An Eastern Washington science teacher known for tough classes that draw lots of students will learn Monday whether he has won the national Teacher of the Year competition.
Jeff Charbonneau, in his 12th year working at a small, rural high school in the Yakima Valley, is one of four finalists for the prestigious post. If he is selected, he will be the first Washington teacher to hold the honor since 2007, and will spend a year traveling as an ambassador for the teaching profession.
The winner will be announced between 5 and 6 a.m. Seattle time on the “CBS This Morning” television show in New York City. The other three finalists are an English teacher from Maryland, a special-education teacher from Florida and a music teacher from New Hampshire.
Charbonneau started teaching in Zillah in 2001, in the same high school he attended as a teenager. He teaches chemistry, physics, engineering and architecture, and has worked with several colleges so that students in his classes can earn up to a quarter’s worth of college science credits.
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Many students like that option. This year, Charbonneau said, about 60 percent of Zillah High’s juniors are taking chemistry, and one-third of seniors are in physics classes.
Early in his career, Charbonneau said, he had some trouble managing student behavior. He figured students might have just been bored, so he made his classes harder. It worked.
His main goal, he said, is not to train future scientists and engineers, but to convince students they are smart enough to tackle quantum mechanics — or whatever field they choose. Science is just a vehicle to do that, he said.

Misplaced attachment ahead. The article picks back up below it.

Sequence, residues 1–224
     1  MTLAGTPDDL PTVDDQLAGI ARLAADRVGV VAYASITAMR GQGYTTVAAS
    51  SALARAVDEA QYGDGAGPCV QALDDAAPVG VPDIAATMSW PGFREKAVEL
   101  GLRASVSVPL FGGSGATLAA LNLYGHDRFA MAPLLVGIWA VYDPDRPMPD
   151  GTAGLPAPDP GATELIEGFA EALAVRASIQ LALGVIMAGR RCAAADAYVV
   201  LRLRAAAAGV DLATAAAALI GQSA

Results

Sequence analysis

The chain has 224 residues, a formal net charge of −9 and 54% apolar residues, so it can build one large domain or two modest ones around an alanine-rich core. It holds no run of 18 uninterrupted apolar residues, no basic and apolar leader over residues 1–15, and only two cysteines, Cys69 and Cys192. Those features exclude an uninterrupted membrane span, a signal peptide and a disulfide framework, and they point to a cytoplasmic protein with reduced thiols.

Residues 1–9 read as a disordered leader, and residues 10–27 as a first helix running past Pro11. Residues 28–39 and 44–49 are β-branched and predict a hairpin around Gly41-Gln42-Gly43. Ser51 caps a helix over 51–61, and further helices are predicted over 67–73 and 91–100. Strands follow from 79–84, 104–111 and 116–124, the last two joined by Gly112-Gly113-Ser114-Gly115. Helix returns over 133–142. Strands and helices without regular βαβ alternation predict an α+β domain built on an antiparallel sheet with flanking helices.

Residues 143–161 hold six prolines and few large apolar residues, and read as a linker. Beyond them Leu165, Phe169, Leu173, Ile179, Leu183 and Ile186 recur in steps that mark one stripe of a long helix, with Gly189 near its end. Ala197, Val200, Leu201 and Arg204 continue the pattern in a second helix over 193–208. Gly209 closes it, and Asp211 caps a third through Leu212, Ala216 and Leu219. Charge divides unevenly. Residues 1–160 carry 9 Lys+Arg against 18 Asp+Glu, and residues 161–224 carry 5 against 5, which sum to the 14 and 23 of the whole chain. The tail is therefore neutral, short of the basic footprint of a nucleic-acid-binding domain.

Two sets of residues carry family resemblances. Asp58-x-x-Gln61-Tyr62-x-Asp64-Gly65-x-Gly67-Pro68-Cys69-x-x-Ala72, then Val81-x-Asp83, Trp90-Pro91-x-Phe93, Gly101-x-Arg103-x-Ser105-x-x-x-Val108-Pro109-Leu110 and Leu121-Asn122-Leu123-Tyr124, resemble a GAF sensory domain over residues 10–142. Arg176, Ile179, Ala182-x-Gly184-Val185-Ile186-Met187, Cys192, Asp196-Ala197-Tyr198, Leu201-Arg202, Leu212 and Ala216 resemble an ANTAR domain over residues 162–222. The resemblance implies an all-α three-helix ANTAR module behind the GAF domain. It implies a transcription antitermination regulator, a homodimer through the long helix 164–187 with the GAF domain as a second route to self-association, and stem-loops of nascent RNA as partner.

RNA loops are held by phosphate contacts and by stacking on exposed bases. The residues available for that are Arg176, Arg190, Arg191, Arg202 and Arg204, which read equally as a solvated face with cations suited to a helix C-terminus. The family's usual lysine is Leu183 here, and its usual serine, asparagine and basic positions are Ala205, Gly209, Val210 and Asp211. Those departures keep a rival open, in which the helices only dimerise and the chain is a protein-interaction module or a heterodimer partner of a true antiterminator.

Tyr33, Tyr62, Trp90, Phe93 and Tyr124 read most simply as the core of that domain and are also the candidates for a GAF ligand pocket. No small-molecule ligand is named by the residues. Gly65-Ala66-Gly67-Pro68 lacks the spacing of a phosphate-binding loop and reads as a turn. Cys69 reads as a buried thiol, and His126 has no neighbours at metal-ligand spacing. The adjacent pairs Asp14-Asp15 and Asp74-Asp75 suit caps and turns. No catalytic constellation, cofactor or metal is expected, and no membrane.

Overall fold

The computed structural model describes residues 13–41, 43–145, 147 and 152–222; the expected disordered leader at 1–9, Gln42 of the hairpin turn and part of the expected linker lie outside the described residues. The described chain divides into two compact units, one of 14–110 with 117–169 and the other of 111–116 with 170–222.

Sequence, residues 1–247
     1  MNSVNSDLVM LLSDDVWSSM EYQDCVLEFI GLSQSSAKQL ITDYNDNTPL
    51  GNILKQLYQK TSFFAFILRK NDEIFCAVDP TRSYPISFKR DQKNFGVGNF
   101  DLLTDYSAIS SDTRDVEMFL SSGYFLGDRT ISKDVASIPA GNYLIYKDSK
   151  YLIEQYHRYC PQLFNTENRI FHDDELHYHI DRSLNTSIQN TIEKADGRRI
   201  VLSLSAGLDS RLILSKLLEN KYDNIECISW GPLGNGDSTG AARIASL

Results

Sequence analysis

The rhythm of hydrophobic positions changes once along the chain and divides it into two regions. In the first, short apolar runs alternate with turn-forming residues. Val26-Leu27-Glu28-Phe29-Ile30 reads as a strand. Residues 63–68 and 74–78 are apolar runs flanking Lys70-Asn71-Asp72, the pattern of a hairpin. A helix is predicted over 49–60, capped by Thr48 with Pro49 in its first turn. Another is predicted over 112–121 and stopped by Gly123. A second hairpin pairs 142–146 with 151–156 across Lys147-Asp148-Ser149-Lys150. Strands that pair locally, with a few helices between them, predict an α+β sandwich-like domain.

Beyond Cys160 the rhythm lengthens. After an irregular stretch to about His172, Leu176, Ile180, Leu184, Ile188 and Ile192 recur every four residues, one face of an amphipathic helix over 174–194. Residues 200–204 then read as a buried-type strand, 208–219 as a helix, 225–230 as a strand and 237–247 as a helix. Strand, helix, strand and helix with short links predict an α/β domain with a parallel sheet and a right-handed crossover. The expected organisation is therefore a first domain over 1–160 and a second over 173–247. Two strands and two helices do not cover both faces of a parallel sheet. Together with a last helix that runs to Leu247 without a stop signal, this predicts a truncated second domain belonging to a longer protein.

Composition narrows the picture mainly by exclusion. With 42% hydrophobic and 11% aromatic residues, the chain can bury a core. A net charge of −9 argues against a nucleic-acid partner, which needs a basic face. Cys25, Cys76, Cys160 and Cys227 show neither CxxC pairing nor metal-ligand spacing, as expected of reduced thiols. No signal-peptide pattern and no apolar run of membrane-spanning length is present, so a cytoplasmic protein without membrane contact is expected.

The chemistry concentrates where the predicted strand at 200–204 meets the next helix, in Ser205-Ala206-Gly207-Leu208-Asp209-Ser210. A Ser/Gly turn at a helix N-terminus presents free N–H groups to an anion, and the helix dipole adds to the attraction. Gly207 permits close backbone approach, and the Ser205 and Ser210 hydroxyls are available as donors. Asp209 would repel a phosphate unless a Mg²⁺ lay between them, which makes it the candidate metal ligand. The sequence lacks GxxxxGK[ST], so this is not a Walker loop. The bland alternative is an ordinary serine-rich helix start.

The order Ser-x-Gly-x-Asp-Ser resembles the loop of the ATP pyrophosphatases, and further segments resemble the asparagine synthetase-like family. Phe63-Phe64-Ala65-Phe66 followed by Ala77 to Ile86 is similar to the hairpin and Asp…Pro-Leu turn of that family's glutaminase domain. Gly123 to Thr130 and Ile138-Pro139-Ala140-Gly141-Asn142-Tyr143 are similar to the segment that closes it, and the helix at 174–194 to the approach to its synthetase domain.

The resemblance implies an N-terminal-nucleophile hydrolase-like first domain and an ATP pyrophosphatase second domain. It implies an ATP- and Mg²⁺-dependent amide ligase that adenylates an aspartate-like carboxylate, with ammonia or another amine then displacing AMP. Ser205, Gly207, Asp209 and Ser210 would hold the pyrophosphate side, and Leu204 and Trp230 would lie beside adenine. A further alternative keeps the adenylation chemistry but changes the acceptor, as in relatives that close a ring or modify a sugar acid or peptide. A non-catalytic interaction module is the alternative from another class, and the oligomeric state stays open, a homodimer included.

In addition to his classes, Charbonneau runs a statewide robotics competition that, over the past four years, has drawn students from 43 different school districts. He serves as Zillah High’s yearbook adviser, runs a backpacking and hiking club, and helps with drama productions. He also is co-president of Zillah’s teachers union.
He almost always makes it home in time for dinner, but often returns to school after his young children go to bed, and sometimes stays so long that police officers tap on his classroom window, wondering why someone is in the school so late.
Charbonneau, 35, didn’t intend to return to his alma mater to teach, but when he finished college, the school had an open science position and he applied. He works alongside many of the same teachers he had as a teenager — and says it took years for him to address them by their first names. He is one of three science teachers at the 400-student school.
As Washington state’s teacher of the year, Charbonneau says his mission has been to convince the public that U.S. schools are doing much better than many think.
“We’ve focused so much on what’s wrong that we do not recognize what’s right — and that’s really a disservice.”
He understands that student test scores should be higher, but if they were the be-all/ end-all, he said, we would have seen deterioration in the nation’s standing when it comes to innovation and invention, and he doesn’t see evidence of that.
He wishes the public would treat education like good teachers treat their students — not battering them about their weaknesses, but by identifying their strengths first, then working on what needs to improve.
At the beginning of every class, Charbonneau welcomes his students by saying, “Welcome to another day in paradise.”
“I really do believe that,” he says.
Linda Shaw: 206-464-2359 or email@example.com.
On Twitter @LShawST